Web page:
Friday, June 12, 2009
Kansas Humane Society holds sale ahead of move
BY SUZANNE PEREZ TOBIAS
The Wichita Eagle
A boxer mix waits to be adopted at the Kansas Humane Society on Thursday, June 11, 2009.
Jeff Tuttle/The Wichita Eagle
Alex Stinger and her niece, Britney Bayer, 8, plays with Maggie, one of the pets up for adoption at the Kansas Humane Society on Thursday, June 11, 2009.
Jeff Tuttle/The Wichita Eagle
Volunteer Aaron Jennings holds one of the dogs up for adoption at the Kansas Humane Society on Thursday, June 11, 2009.
Gallery: Mosaic installation at new Humane Society facility
video: tour the new facility
Video: adopt a pet for a reduced fee
HUMANE SOCIETY MOVING WEEK
Next week the Kansas Humane Society will close its facility at 4218 Southeast Blvd. and move into the new Murfin Animal Care Campus at 3313 N. Hillside. Some related dates and events:
• Today-Sunday: Moving sale. In hopes of adopting out as many pets as possible before its move, the society will cut adoption fees to $33.13 (its new address).
• Tuesday: Last day to adopt or give up a pet at the old facility.
• Wednesday: "Pet Caravan." More than 150 volunteer "pet buddies" will accompany animals from their old kennels to their new condos, lofts and "kitty cities" at the new building.
• Wednesday-June 21: All stray or relinquished pets should be taken to Wichita Animal Services, 3303 N. Hillside.
• June 22: Grand opening. After a 10 a.m. ribbon cutting at the new campus, facilities will be open to the public from 11 a.m. to 6:30 p.m. Mon.-Sat. and 1-5 p.m. Sunday.
It's almost moving day for Reba, Chewie, Fiona and Bob. They and nearly 200 other animals at the Kansas Humane Society will move next week to the nearly complete Murfin Animal Care Campus in northeast Wichita.
Before they say goodbye to their old building, though, Humane Society officials have slashed adoption fees in hopes of reducing the number of pets they'll have to move.
"The fewer animals we have to transfer, the less stress on the animals," said Jennifer Campbell, director of communications for the society. "This (sale) helps us and helps the public."
Today through Sunday, the adoption fee is $33.13 -- the address of the new campus on North Hillside -- and includes spay or neuter surgery, basic vaccinations and a microchip.
Normally, the fee is $135 for dogs and $95 for cats.
Employees have spent the past several months packing files, kennel supplies, office equipment and more to prepare for the move.
On Wednesday, more than 150 volunteers will serve as "pet buddies," escorting animals to new suites, condos and "kitty cities" in the $10.2 million Murfin facility.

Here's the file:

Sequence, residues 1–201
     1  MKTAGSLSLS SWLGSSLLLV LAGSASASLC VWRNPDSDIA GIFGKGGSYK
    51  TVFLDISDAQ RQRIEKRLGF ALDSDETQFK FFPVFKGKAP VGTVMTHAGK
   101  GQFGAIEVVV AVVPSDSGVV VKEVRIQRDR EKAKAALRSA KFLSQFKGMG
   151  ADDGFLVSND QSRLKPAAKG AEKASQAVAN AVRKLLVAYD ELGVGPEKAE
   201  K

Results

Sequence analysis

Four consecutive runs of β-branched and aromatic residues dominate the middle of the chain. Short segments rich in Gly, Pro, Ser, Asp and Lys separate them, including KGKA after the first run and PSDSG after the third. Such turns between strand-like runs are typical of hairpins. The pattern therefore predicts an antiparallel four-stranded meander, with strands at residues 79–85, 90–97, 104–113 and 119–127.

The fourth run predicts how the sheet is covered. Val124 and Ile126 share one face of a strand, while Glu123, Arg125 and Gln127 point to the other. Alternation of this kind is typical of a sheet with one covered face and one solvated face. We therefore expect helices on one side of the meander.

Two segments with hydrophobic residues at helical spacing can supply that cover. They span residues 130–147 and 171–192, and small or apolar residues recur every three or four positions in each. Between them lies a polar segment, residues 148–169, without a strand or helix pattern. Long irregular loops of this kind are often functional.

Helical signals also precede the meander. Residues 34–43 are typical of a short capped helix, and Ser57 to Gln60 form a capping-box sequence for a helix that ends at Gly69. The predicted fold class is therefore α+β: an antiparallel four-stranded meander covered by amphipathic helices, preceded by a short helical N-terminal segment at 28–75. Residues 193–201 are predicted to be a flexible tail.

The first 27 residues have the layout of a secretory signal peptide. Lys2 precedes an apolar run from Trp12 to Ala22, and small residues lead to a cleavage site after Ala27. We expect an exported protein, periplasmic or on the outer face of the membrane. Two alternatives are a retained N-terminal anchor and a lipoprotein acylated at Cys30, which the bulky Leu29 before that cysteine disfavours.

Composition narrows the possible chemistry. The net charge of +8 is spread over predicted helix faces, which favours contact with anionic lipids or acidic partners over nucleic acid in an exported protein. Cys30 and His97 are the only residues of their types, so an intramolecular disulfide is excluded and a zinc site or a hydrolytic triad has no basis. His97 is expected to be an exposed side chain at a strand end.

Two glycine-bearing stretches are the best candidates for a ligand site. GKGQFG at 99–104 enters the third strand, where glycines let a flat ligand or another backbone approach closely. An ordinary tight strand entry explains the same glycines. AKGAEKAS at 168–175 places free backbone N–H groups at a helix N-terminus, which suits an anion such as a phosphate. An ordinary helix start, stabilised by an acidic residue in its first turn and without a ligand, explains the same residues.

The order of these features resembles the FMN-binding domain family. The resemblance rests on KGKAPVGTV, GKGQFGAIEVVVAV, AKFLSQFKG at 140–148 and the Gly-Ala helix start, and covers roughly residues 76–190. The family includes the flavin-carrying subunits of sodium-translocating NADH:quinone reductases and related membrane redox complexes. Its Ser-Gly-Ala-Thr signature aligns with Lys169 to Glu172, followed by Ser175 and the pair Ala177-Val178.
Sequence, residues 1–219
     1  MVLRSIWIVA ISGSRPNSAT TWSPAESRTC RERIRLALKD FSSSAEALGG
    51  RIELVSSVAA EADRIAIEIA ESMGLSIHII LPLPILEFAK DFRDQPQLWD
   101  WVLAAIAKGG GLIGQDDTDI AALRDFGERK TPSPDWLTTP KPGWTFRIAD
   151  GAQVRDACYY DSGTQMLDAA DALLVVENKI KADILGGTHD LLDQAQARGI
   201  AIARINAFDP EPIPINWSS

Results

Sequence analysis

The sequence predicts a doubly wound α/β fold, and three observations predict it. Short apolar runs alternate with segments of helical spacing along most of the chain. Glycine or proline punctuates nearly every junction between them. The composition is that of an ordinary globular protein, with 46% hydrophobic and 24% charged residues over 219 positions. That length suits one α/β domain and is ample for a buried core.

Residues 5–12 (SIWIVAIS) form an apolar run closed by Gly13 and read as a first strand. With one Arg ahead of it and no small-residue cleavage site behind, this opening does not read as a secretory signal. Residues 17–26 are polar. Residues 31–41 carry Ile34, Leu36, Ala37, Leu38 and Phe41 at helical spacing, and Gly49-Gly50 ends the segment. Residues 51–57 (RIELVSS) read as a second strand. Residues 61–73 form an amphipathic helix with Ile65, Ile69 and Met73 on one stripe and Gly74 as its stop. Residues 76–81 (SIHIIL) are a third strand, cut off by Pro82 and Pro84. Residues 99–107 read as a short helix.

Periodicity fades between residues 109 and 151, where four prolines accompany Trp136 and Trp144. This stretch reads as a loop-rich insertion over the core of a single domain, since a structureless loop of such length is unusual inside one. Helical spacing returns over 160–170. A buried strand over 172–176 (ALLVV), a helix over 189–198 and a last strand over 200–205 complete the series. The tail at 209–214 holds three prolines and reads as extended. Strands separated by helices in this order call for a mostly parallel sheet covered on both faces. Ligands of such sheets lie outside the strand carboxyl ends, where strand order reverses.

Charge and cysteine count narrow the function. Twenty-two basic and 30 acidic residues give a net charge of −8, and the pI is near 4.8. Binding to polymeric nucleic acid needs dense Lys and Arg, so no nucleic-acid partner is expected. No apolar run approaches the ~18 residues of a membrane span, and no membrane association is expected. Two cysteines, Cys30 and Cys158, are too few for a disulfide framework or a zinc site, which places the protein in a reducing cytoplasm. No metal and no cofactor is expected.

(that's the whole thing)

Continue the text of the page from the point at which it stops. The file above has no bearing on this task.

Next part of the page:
"It's an exciting time, but it's also a lot of work, and we have to be really aware of the stress it puts on the animals," Campbell said. "We want to make it as smooth and as easy for the pets as possible."
The new campus includes two buildings -- one for the Humane Society and one for Wichita Animal Services, which moved over in April -- and is likely to be a model for animal care groups around the country.
A ribbon-cutting ceremony and open house is scheduled for June 22.
Crews were still working on the new building Thursday, sealing floors, painting and attaching numbers to the animal suites and kennels.
Dogs will be housed in glass-enclosed "canine adoption suites" and cats in kitty cities or condos, rooms designed to mimic living rooms and make the adoption process more pleasant for families and animals.
New features include lots of natural light, intended to maintain the pets' natural sleep cycles, and classical music to block external noise and reduce anxiety.
Walls are painted green, gold, blue and burgundy. Specialized ventilation systems eliminate odors and decrease the spread of airborne diseases. Epoxy floors can be easily sanitized by high-pressure washers located throughout the facility.
"The whole idea is to be warmer, more colorful, more welcoming to people and animals," said Katie Chrapkowski, communications specialist for the society.
One of the biggest changes will be the way in which animals are first admitted.
All pets being relinquished by their owners will go directly to the society. Stray animals will go to the city side, where they will stay for three days to give owners time to find them. After that period, animals believed to be potentially adoptable will move to the Humane Society building next door.
Columns marked "found," "lost," "let go" and "adopt" will lead people to the appropriate areas of the new campus, Chrapkowski said.
The society's portion of the campus can house 183 dogs and more than 225 cats. Fourteen "small mammal studios" will house animals such as guinea pigs, rabbits, ferrets and hamsters.
Employees are especially excited about some behind-the-scenes features, including a laundry room with commercial-grade washers, a food prep room with a restaurant-style dish washing station and a spacious clinic for two full-time veterinarians.
Back at the society's 50-year-old building in southeast Wichita on Thursday, Alex Singer and her 8-year-old cousin, Britney, spent time with Maggie, a 9-month-old Great Pyrenees mix Singer was considering adopting.
"I come here every so often just to see what they have," said Singer, who lives near Tulsa. "I saw her and thought she seemed so sweet."
Singer didn't know about the Humane Society's impending move or the new campus but said she might check it out next time she's in Wichita.
"We love dogs," she said, as Britney and Maggie played fetch with a tennis ball. "That's great that they'll have a new place."
Reach Suzanne Perez Tobias at 316-268-6567 or email@example.com